NDP Leader Jagmeet Singh said in a statement Monday that Rogers “has a responsibility to pay back small businesses that lost revenue during the outage.”
Kelly said one lesson for those affected by the outage is that while bundling services with one telco might keep costs lower upfront, diversifying phone and internet deals could protect a business when service drops.
“From a business contingency perspective, the best advice we have for business owners is not to put all of your apples in one wagon here,” he said.
How do we know this won’t happen again?
The outage has prompted swift reaction from Rogers, government and other stakeholders to ensure network outages aren’t as long-lasting or widespread.
“You can expect changes going forward to make sure that we improve the resiliency and redundancy of our networks so that this doesn’t happen again,” Staffieri said.
Rogers will announce exact changes to its network infrastructure in due course, the CEO said, but he hinted that there will be operational changes and stopgaps built into the network to avoid cases where a single error can be spread quickly through the system.
Staffieri also said the company had identified the issue that prevented some customers from being able to call 911 during the outage, and said Rogers would be sharing that information with other industry stakeholders to keep critical services functioning when any one provider experiences an outage.
Staffieri and executives from Bell and Telus talked with Innovation Minister François-Philippe Champagne for nearly an hour Monday in a call that focussed on network resiliency, according to the minister. The companies were given a 60-day deadline to reach an agreement to explore how to implement emergency roaming when networks go down to allow access to emergency services, as well as to create a communication protocol to better inform the public and authorities, and provide mutual assistance during outages.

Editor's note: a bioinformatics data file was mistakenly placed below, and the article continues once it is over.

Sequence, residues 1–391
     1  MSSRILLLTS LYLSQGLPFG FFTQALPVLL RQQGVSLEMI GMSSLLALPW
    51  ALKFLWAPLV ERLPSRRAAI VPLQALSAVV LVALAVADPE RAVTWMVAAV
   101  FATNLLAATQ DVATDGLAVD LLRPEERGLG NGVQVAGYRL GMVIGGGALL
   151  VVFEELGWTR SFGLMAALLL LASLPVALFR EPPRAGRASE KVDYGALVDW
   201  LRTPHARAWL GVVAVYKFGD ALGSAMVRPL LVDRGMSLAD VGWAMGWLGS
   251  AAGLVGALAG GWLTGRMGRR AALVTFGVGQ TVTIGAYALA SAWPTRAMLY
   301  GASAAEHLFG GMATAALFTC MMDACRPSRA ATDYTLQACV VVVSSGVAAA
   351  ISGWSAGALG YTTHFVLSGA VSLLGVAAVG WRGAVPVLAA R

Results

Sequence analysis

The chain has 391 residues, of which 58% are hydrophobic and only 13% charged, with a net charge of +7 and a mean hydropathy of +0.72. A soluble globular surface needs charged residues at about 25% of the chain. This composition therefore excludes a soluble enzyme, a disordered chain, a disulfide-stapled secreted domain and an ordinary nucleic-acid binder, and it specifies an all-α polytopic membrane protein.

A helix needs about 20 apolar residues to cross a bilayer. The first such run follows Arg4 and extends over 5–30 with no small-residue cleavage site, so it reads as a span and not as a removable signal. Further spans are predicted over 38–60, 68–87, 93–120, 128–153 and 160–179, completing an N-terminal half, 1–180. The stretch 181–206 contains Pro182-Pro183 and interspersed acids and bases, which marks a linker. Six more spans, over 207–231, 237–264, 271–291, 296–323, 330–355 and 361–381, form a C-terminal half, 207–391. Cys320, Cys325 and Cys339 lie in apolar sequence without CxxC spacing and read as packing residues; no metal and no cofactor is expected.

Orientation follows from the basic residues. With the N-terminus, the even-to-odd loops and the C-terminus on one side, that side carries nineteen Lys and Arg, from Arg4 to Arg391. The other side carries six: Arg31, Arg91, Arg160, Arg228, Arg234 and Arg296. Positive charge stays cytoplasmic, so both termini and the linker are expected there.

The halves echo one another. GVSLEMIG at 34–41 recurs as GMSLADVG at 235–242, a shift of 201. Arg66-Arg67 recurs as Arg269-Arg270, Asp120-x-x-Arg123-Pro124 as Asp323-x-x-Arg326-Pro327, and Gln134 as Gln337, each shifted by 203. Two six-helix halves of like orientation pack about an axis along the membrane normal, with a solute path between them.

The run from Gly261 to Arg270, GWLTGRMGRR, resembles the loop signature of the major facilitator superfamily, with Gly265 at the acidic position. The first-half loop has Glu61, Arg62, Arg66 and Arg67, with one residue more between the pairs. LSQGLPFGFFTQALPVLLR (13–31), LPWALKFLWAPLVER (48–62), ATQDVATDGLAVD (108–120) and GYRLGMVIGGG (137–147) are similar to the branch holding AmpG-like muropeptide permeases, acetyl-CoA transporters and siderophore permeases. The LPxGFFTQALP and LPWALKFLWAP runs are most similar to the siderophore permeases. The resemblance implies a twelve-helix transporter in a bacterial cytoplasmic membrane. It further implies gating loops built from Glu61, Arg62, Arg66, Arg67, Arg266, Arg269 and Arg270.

Interac, meanwhile, said on Monday that it was adding another network provider to its system after the Rogers outage left millions of Canadians locked out of online payments.
What can consumers do?
The widespread impact of the Rogers outage reveals an over-reliance on a few major telecom providers in Canada, industry stakeholders say, and there may be a role for consumers to play in promoting competition in the sector.
The Public Interest Advocacy Centre (PIAC) filed a letter with the Canadian Radio-television and Telecommunications Commission (CRTC) on Friday during the outage calling for an inquiry into the problems.
The NDP also called for an inquiry Monday and suggested it would call Champagne, Rogers and Interac to committee to hold them accountable for the lost service.
Champagne confirmed on Monday afternoon that the CRTC will investigate the cause of the outage.
PIAC is also seeking to establish a set of baseline service requirements in the event of an outage to keep Canadians informed about the issues and create a standard for compensation in these incidents.
Yuka Sai, a staff lawyer with PIAC, told Global News the lack of such standards leaves consumers in the dark about what they’re owed when their network drops.
She said the outages reveal gaps in Canada’s telecom landscape, where drops in service can have an amplified impact.
“The national magnitude of the outage really calls into question whether it’s wise to rely on one large national provider in many cases to provide a wide swath of network services, internet services, and that, in the absence of real competition, is a real problem,” she said.
Rosa Addario is a communications manager with Open Media, which advocates for an open, affordable and surveillance-free internet in Canada.
Both she and Sai said the best thing for consumers to do now if they’re upset about the Rogers outages is to write letters to Champagne and their local members of Parliament calling for a more competitive telecom landscape in Canada.
Addario said the need to pressure policymakers is especially high as Rogers seeks regulatory approval for its proposed $20-billion acquisition of Shaw Communications.
“We should be angry right now and we should be upset and we should take this as an opportunity to light a fire under us and consider how we can strive for a better system,” she told Global News.
“This doesn’t have to be the status quo.”
— with files from Global News’ Anne Gaviola, Eric Stober and Reuters